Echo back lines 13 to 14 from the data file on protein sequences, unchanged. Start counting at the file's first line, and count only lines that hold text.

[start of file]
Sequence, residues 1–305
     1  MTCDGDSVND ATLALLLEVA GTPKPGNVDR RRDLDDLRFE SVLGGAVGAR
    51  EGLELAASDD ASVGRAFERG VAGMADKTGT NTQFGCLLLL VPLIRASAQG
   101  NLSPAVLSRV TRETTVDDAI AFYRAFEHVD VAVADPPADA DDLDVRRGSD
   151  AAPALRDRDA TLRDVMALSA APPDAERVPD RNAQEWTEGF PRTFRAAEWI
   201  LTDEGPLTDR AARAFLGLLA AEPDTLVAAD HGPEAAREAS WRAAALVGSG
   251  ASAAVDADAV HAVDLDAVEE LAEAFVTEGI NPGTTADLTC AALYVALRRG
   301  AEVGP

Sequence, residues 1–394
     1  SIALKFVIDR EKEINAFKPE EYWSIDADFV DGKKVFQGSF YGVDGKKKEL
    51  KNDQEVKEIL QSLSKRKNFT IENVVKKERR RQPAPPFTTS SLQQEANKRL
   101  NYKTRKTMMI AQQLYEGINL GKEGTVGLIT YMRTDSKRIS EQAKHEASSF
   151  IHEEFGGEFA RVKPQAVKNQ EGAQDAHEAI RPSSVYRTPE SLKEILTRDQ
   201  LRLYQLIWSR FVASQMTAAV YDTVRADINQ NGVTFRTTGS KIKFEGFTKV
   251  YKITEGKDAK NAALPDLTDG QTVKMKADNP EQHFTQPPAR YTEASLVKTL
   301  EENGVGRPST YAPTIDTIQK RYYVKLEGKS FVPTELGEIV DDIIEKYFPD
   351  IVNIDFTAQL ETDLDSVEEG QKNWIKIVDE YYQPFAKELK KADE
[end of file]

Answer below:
   151  IHEEFGGEFA RVKPQAVKNQ EGAQDAHEAI RPSSVYRTPE SLKEILTRDQ
   201  LRLYQLIWSR FVASQMTAAV YDTVRADINQ NGVTFRTTGS KIKFEGFTKV